Fighting the tides

Today, many people often take their respective environments for granted.

​In South Florida, the beaches and streets are filled with many wonders and values that may not be there for in the future generations to enjoy. Sustainability and constant research and planning is a huge part of keeping our environment safe from natural occurrences such as climate change and rising sea levels.

“I, personally, am an avid diver. So from a recreational standpoint, I don’t like to see the sea level rising,” said Elizabeth Wheaton, the Environment Sustainability Director for the City of Miami Beach. Wheaton understands the impact climate change has on her personal life, so she knows how to implement solutions for the community around her.

​By definition, climate change is an adjustment in global, regional, or local climate patterns, largely attributed to the increased levels of carbon dioxide produced by fossil fuels. With increasing global temperature, the water in South Florida will expand and take up more space than the capacity, causing the sea level to rise. There is also the issue of “Sunny Day” flooding and the rise of the King Tide, most prevalently and recently found during the time of Hurricane Matthew. Many researchers say this “King Tide” will be similar to any other tide after the next 30 years, showing the skyrocketing increase in sea level.

​With that being said, many actions are taking place to fix the issue. Water pumps have been implemented into resilient cities such as Miami Beach in order to pump out water when tides begin to rise too high. In about a decade, this will become a $400 million project looking to place 50-60 pumps within the Miami Beach area.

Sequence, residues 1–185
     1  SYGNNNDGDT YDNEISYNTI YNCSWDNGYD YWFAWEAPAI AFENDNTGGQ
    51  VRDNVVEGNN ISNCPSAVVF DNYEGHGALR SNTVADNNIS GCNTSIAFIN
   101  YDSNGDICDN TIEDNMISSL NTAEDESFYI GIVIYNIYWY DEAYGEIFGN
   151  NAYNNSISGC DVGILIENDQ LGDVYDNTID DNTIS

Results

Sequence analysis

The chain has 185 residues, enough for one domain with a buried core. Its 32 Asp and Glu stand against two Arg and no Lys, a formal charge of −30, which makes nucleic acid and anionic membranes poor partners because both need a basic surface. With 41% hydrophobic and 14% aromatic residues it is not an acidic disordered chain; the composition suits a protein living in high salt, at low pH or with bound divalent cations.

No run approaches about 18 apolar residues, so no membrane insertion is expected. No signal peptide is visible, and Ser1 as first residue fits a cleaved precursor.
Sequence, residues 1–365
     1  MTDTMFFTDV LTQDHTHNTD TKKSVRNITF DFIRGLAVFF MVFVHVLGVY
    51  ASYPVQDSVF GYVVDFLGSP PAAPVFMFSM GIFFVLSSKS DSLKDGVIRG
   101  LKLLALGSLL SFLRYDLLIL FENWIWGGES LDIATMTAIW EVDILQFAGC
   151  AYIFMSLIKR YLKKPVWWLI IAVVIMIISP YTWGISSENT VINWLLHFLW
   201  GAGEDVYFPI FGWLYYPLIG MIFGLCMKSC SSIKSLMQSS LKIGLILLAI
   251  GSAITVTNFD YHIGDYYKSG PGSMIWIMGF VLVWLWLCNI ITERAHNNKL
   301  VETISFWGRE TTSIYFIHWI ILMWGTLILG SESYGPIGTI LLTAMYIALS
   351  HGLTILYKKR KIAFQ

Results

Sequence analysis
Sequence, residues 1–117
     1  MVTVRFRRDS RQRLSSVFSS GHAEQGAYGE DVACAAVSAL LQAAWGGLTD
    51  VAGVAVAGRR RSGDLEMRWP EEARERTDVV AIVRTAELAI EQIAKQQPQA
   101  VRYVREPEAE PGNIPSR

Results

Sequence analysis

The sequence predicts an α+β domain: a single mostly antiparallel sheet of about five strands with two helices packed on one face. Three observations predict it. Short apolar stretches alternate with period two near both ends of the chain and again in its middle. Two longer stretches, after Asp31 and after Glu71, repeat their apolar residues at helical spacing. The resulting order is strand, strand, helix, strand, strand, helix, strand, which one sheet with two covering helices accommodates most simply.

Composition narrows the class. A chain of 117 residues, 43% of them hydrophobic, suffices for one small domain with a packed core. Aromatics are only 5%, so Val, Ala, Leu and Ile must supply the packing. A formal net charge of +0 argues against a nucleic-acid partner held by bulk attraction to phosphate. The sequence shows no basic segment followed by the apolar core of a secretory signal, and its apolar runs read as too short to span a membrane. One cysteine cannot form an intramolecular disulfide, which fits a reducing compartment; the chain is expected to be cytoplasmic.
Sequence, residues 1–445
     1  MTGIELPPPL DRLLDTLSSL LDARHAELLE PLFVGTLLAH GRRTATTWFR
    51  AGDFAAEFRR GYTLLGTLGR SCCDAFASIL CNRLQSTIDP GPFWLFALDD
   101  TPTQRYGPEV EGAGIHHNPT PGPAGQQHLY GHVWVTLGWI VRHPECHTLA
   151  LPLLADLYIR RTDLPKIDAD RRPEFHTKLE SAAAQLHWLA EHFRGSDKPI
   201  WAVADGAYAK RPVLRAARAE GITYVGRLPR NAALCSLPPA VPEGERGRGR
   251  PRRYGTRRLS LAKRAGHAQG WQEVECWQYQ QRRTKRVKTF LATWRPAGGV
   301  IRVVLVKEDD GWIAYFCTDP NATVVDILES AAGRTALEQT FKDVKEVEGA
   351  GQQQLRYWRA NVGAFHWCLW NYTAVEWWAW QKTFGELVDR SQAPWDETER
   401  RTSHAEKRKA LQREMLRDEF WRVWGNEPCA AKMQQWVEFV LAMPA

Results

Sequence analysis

​Companies are coming up with many other innovative ways to help stop this phenomena. Bruce Mowry, a city engineer for Miami Beach, released a statement regarding the advancement of his group’s plans for prevention.

​”We are looking to take our program to more aggressive matters and taking streets that are low and raising them,” said Mowry. “This will set a new standard for the way our buildings will be constructed in the future,” he later added.

​According to Brian Mcnoldy, a senior research associate for the University of Miami, climate change will not continue to get any better. He, along with many other researchers, believe sea level rise will be a bigger problem than it already is.

​After all, by the end of the century, the sea level is predicted to go beyond 3 feet, according to So we’ll see in the coming years if the plans will work out to trim down the possibilities.

​Also produced by Danyel De Villiers, Javier Rodriguez, and Erick Marrero.

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